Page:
The Revolution, which started on Police Day in 2011, was in many ways against this Security state. Although State Security tried to resist in the early days, the numbers in Squares across Egypt proved to be too much, and the Police and Ministry of Interior lost the aura of fear that had previously surrounded them. When the tactic of brutal repression lost its effectiveness, the Police seemed to have no alternative. The result was a decreased presence of police on the streets and an increased crime rate. One important thing to note is that crime rates might not always tell the whole story, since the overall level of crime was exceptionally low under Mubarak’s police state. For instance, armed robberies have increased at a rate of over 1000%, from 233 in 2010 to over 2,800 in 2012. But that is still quite a low occurrence per capita. Nonetheless, crime has risen, particularly sexual harassment and the targeting of foreigners and tourists.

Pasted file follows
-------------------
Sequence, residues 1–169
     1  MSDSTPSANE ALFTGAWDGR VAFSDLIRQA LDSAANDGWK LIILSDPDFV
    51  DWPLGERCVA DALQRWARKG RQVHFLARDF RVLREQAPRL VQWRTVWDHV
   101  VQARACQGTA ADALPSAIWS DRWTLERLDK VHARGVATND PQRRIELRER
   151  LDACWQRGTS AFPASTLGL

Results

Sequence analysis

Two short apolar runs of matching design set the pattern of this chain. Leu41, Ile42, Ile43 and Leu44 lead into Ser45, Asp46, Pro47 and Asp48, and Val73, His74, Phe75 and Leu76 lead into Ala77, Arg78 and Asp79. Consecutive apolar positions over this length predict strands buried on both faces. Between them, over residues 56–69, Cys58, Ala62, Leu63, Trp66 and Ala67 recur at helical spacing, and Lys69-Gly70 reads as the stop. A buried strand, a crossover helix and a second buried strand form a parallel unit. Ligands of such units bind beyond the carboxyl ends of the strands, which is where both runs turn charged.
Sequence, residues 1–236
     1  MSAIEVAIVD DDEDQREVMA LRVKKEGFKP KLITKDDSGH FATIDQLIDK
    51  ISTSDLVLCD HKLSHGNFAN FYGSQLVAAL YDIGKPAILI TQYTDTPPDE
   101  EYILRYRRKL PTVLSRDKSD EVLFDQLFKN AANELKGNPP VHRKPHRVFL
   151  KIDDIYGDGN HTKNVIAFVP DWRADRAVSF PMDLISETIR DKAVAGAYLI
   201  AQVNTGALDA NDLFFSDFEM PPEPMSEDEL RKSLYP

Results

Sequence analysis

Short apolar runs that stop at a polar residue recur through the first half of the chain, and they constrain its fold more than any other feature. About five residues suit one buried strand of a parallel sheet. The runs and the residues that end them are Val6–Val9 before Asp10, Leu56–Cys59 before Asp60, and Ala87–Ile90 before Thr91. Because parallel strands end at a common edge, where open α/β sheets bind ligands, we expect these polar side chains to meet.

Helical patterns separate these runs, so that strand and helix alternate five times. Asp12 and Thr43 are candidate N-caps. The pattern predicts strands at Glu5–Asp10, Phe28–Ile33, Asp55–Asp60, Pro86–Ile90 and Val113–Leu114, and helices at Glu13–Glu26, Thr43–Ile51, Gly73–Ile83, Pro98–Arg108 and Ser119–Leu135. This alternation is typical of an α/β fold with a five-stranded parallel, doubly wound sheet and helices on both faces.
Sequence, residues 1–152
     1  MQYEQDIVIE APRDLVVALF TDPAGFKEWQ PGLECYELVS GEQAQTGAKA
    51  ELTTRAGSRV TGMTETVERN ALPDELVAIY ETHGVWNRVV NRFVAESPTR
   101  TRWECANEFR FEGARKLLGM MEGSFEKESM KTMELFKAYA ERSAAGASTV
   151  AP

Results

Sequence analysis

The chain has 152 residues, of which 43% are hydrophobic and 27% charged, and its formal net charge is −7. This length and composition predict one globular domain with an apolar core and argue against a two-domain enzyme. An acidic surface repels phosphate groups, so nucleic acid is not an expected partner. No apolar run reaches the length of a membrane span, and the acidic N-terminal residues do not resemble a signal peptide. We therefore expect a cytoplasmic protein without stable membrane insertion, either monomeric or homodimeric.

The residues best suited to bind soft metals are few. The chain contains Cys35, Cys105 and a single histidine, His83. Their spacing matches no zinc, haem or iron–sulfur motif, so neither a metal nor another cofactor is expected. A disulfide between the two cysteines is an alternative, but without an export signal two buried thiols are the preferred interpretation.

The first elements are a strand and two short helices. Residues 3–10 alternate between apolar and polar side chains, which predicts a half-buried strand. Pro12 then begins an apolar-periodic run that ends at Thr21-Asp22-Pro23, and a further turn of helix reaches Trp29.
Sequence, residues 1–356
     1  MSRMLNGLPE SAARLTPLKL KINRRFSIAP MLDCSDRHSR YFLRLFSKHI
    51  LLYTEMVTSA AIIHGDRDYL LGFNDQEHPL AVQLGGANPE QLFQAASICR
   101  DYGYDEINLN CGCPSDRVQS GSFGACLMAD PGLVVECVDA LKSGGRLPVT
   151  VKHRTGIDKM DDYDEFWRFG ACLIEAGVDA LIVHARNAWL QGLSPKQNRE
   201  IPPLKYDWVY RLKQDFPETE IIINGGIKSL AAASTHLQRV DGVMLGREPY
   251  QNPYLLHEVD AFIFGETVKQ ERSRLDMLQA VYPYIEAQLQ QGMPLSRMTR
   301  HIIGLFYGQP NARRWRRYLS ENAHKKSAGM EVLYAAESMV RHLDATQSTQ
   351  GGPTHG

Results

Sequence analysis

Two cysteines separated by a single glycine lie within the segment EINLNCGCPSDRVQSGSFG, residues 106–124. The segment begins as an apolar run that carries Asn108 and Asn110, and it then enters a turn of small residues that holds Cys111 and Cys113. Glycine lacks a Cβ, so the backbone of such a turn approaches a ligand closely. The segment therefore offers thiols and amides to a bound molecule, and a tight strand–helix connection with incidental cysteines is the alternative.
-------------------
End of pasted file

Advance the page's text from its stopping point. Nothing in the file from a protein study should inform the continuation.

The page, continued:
Most importantly, police have proved unable to provide security to the crowds of people who now gather regularly in squares and streets across Egypt to protest. On September 11, 2012 a protest was organized by a popular preacher who follows the ultra-orthodox Salafi interpretation of Islam on Egypt’s Hikma TV channel, Wasem ‘Abd al-Warith, in front of the American embassay against the purported film (the full-length version has still never been seen) Muhammad’s Trial. His call was soon echoed by other Salafi leaders and the leader of al-Qaeda, Egyptian Ayman al-Zawahiri. The protests turned ugly when protestors began setting off fireworks and scaled the walls to replace the American flag with the black banner of ‘Abbasids–the same logo used by al-Qaeda in many of its communications. The Egyptian Army surrounded the embassy and managed to quell the protests, but the symbolic shock led many to begin questioning the direction which their Revolution had taken.
After Mursi’s October 10 call for the resignation of the attorney general, moderate crowds began to descend to Tahrir Square. Apparently, many had gone there for conflicting reasons, some in support of Mursi, and others in support of the judges. When the crowd began chanting against the Mursi, the protests turned into violent clashes which pitted Brotherhood supporters against the largely secular supporters of the Judiciary.